[ppml] Fw: IRS goes IPv6!
christopher.morrow at gmail.com
Thu Feb 23 23:08:30 EST 2006
On 2/23/06, Jeroen Massar <jeroen at unfix.org> wrote:
> * when a packet gets routed onto the internet, outside the site, the
> exit router translates it to the core-prefix, that is provided by the
> upstream provider. The upstream ISP's routes are in the "global routing
> table", these can thus become quite small with multiple layers.
hurrah! NAT! wasn't NAT one of the reasons that ipv6 was a 'saviour' ? oh...
> * when the packet arrives at a outer-perimeter, these place the
> outer-address back again to restore the globaly-unique property.
could we just use ipv4 and tunnel over gre? or ip-in-ip? or ipsec? oh...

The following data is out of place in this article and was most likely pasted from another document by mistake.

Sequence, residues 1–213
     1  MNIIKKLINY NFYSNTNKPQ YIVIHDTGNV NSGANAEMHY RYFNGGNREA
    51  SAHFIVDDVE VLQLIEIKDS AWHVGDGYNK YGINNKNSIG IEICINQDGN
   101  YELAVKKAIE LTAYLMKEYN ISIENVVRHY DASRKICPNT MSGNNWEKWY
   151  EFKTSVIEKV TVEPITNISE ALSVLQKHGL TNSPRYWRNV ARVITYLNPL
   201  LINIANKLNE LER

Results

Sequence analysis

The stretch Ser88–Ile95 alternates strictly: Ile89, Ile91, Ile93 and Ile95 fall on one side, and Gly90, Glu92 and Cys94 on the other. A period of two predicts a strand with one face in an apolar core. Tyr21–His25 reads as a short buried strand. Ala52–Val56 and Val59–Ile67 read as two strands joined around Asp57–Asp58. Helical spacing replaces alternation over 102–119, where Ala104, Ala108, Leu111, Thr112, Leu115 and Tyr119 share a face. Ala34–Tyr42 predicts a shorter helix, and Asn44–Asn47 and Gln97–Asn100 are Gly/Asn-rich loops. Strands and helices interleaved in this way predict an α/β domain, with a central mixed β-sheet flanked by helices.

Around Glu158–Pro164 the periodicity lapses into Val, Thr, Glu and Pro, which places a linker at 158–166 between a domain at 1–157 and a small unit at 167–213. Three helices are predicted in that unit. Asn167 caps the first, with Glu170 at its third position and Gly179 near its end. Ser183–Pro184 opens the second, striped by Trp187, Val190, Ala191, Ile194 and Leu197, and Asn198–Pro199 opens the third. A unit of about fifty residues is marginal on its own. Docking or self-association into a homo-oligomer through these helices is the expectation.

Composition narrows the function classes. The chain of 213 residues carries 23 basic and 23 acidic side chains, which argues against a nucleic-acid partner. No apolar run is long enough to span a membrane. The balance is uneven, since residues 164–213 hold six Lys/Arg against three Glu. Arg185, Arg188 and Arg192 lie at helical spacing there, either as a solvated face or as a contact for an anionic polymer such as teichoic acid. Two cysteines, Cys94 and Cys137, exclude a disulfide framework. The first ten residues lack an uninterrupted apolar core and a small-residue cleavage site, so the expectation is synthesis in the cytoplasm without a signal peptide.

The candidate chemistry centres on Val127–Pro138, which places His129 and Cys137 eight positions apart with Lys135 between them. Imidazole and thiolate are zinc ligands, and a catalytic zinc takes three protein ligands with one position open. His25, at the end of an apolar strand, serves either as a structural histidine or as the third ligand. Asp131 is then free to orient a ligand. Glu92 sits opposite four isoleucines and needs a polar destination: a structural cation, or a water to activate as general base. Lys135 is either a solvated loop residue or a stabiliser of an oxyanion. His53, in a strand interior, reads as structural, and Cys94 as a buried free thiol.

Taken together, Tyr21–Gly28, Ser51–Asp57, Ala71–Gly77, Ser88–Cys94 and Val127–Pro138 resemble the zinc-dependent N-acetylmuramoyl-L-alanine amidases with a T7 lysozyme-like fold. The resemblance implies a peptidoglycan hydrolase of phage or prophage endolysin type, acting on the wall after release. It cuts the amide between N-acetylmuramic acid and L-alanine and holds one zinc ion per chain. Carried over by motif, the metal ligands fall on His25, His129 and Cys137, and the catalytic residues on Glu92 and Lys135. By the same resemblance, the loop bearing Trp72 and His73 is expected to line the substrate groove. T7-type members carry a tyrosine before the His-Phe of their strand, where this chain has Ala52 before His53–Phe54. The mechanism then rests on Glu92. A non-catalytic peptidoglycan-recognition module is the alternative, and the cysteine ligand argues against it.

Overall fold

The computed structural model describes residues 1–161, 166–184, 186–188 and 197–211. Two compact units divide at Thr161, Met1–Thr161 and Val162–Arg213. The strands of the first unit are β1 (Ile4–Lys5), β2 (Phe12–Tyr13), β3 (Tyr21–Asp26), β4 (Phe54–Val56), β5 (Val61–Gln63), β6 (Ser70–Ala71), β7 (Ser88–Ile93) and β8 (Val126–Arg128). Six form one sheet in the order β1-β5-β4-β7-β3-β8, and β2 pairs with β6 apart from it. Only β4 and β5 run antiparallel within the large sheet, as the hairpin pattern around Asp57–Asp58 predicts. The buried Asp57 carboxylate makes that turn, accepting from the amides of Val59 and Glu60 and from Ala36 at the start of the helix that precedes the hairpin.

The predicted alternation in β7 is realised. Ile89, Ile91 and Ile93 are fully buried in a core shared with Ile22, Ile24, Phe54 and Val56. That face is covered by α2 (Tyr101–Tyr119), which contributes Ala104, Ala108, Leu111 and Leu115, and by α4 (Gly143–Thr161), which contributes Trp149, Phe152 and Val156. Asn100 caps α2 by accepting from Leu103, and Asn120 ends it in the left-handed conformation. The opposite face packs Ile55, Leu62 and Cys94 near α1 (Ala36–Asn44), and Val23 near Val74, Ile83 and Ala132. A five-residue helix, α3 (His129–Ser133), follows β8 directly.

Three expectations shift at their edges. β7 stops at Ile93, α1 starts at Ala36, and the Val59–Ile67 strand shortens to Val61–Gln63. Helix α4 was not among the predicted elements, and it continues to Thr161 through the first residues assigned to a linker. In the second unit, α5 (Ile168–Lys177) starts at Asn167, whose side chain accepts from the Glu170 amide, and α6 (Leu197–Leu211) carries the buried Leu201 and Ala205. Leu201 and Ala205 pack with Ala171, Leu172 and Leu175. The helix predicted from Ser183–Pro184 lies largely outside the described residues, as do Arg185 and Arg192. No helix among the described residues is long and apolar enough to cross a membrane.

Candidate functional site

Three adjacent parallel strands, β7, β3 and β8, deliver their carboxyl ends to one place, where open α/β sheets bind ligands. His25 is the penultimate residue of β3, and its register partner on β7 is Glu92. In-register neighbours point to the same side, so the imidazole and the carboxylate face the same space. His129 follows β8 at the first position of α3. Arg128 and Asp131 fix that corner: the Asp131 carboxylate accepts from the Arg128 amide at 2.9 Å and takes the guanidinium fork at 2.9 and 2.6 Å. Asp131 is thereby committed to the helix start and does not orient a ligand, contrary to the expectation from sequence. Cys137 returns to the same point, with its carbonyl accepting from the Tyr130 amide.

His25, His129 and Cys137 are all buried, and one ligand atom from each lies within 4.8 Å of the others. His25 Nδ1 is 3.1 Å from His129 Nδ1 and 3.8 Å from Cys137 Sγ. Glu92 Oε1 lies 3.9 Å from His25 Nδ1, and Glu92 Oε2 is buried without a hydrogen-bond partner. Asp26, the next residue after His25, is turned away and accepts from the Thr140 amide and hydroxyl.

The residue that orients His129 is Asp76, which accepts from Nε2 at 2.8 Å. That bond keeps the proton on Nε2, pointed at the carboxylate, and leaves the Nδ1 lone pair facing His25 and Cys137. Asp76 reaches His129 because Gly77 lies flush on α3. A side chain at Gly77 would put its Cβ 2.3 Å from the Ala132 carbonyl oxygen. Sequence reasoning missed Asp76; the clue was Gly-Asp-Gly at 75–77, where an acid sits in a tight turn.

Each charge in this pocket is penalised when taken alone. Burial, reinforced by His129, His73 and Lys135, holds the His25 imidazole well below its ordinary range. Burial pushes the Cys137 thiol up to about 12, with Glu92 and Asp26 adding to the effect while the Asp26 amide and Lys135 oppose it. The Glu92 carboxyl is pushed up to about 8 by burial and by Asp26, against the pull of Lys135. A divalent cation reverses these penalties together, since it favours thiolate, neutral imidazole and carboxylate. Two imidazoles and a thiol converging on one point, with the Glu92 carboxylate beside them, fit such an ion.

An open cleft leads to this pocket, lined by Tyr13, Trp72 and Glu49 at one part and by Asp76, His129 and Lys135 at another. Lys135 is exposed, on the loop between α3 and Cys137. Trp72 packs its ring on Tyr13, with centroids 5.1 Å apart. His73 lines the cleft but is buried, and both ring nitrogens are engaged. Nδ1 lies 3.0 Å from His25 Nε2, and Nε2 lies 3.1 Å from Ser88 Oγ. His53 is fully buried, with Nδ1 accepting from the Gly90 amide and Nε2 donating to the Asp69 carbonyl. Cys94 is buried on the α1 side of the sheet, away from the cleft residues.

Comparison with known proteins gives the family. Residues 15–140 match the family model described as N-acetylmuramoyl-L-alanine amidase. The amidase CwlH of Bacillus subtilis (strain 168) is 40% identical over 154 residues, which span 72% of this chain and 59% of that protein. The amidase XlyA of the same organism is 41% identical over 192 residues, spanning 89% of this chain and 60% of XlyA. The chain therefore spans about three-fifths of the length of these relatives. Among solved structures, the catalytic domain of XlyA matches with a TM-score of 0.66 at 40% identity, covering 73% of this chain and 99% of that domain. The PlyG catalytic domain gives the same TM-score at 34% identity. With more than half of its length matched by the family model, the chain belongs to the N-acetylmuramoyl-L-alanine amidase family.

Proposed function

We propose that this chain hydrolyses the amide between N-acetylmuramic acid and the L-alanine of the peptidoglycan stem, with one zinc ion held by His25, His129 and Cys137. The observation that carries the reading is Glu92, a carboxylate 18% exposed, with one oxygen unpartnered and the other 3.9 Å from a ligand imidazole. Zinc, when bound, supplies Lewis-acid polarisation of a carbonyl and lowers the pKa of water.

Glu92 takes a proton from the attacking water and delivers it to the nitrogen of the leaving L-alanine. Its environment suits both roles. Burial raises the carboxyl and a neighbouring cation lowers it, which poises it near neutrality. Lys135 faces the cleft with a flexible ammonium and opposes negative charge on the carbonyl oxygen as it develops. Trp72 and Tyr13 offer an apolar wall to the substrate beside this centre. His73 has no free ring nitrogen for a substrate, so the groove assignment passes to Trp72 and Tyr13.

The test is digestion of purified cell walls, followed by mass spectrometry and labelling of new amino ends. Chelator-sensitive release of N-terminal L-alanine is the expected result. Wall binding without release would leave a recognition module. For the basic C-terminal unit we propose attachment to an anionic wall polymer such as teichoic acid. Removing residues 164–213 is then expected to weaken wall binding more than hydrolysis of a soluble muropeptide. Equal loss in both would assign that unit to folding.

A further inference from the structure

> Also the address can be passed around as it is globally unique, no
> rewriting needed, doesn't break end-to-end and makes many people, except
> most likely TE folks who only get a outer-perimiter IP, happy. The
> latter group really just have to face that they are not big enough
> unforunately (unless somebody comes up with a cool solution(tm) :)
'not big enough' doesn't matter for TE considerations. If a large
enough sink or source is in the 'wrong' place, game-over. without
working TE you are stuck.
> Sort of tunneling over the core, or double-NAT.
see comment #1 and comment #2. Combine those with comment #3 and I see
no compelling reason to make any strides toward ipv6 deployment. Were
you trying to make v6 more palatable? If so you really ought to work
on delivery and message...
> The IETF is already working on these kinds of ideas ;)
hurray, why do we need the IETF working on NAT and Tunneling?
and to you as well.
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